Structural Engineering

Aerospace Biological Civil Geotechnical Mechanical

Advancing the State of the Art in Geotechnical Engineering at UCSD

Seminar Speaker
Professor John S. McCartney
Seminar Date
Wednesday, Apr 7, 2021 - 12:00 pm
Sponsored By
Robert Asaro
Speaker Bio

Professor John S. McCartney is Chair of the Department of Structural Engineering at the University of California San Diego, specializing in Geotechnical and Geoenvironmental Engineering. His research interests include unsaturated soil mechanics, geosynthetics engineering, and energy geotechnics. He has received several research awards, including the Walter L. Huber Research Prize from ASCE in 2016, the Arthur Casagrande Professional Development Award from ASCE in 2013, the J. James R. Croes medal from ASCE in 2012, the DFI Young Professor Award in 2012, the NSF Faculty Early Development (CAREER) Award in 2011, and the IGS Award and Young IGS Award from the International Geosynthetics Society in 2018 and 2008, respectively. His teaching efforts were recognized by the 2012 Shamsher Prakash Prize for Excellence in Teaching of Geotechnical Engineering and the 2018 Outstanding Faculty Advisor from ASCE Region 9. For his service on ASTM Committee D18 on Soil and Rock, he has received the President’s Leadership Award in 2013 and the Richard S. Ladd D18 Standards Development Award in 2011. He is currently the President of the North American Chapter of the International Geosynthetics Society (IGS-NA). He is an editor of ASCE Journal of Geotechnical and Geoenvironmental Engineering (JGGE) and Computers and Geotechnics, an associate editor of Canadian Geotechnical Journal and is active on the editorial boards of ASTM Geotechnical Testing Journal (GTJ), Geosynthetics International, Geomechanics for Energy and the Environment, and the Taiwanese Journal of GeoEngineering. He received BS and MS degrees in civil engineering from the University of Colorado Boulder in 2002 and a Ph.D. degree in civil engineering from the University of Texas at Austin in 2007.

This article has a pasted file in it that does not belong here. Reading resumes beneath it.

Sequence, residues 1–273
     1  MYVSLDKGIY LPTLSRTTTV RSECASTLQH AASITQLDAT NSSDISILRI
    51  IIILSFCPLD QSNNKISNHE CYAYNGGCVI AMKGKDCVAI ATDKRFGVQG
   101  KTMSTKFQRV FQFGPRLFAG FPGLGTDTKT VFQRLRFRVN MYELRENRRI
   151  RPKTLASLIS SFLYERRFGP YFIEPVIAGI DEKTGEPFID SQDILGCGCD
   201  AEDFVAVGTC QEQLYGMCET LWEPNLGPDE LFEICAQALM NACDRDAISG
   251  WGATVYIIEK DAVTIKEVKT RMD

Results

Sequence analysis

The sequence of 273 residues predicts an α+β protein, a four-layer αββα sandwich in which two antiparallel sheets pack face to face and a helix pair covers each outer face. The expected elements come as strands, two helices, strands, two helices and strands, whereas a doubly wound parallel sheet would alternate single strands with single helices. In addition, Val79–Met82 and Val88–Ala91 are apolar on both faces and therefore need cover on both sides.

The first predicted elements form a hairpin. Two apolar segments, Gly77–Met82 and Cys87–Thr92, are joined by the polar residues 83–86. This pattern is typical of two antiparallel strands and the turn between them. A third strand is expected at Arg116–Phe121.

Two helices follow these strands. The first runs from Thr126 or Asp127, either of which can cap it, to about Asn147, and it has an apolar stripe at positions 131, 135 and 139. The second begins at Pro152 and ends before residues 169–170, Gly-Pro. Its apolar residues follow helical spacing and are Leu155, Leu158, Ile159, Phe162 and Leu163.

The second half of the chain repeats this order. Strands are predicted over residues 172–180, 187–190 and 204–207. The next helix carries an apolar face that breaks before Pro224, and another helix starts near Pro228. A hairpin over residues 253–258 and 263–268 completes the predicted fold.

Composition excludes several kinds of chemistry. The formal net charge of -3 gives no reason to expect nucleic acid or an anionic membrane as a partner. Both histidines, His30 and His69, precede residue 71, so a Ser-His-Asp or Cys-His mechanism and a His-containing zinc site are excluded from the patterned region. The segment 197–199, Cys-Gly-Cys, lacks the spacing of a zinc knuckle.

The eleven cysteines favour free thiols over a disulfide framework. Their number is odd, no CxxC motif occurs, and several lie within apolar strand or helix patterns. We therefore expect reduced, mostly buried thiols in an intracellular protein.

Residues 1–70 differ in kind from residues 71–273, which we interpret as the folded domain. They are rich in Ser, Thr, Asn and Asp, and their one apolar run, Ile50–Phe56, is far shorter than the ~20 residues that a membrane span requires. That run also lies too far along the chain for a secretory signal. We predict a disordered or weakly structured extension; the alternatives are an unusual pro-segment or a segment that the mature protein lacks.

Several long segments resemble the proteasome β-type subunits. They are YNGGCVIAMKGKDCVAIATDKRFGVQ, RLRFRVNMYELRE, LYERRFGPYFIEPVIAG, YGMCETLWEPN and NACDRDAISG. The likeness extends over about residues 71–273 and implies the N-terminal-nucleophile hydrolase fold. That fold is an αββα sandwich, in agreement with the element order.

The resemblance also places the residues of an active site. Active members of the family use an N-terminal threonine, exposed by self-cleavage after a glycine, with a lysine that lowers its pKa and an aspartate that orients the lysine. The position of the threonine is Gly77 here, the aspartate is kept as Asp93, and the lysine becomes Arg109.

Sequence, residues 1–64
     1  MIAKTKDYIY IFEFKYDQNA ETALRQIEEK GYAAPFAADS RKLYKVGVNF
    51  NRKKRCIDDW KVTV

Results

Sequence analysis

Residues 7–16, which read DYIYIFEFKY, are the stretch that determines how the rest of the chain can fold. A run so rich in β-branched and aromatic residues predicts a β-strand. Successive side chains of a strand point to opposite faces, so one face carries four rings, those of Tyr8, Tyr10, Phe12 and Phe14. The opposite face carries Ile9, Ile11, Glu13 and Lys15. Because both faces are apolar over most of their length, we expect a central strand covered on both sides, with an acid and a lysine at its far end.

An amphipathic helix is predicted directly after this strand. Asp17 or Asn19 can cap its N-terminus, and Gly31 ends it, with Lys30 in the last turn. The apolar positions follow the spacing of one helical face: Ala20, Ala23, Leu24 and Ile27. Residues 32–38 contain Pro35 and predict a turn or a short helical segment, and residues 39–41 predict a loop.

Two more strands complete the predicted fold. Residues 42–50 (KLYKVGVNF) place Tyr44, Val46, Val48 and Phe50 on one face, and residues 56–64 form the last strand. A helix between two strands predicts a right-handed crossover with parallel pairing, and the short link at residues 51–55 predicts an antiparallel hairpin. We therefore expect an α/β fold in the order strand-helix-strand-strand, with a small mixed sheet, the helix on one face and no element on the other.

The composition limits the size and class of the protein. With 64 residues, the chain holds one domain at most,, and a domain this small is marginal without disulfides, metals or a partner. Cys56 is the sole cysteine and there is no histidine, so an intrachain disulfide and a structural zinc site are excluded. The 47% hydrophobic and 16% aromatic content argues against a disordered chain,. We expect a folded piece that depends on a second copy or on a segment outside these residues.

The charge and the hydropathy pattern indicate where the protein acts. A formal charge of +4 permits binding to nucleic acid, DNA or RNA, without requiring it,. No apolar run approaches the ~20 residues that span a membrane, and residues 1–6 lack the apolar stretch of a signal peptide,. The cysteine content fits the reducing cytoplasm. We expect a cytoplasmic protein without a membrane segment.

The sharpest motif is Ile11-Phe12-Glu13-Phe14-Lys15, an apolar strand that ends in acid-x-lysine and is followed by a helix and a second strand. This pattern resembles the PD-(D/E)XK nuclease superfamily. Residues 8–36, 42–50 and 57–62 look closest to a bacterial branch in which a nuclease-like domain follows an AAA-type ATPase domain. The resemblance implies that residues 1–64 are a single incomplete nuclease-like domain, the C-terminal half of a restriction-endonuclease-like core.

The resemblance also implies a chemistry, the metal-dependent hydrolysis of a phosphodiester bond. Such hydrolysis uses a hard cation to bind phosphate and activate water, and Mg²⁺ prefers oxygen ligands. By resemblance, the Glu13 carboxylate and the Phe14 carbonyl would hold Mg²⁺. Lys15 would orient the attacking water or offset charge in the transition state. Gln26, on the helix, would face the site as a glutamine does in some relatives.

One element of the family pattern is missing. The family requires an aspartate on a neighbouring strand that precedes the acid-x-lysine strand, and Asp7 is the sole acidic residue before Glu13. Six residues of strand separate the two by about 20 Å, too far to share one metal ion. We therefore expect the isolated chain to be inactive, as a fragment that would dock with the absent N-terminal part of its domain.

The geotechnical engineering group at UCSD has a vibrant research portfolio with active projects in the areas of geotechnical earthquake engineering, energy geotechnics, post-wildfire mudflows, soil- structure interaction, and fundamental soil and rock behavior. The research approaches used in the group range from full-scale physical modeling, reduced-scale centrifuge modeling, element-scale testing, micro- scale imaging and particle interaction visualization, to numerical simulations. This presentation will give an overview of the main research projects in geotechnical engineering within the department, and will discuss some of the challenges associated with predicting the response of soils and rocks.

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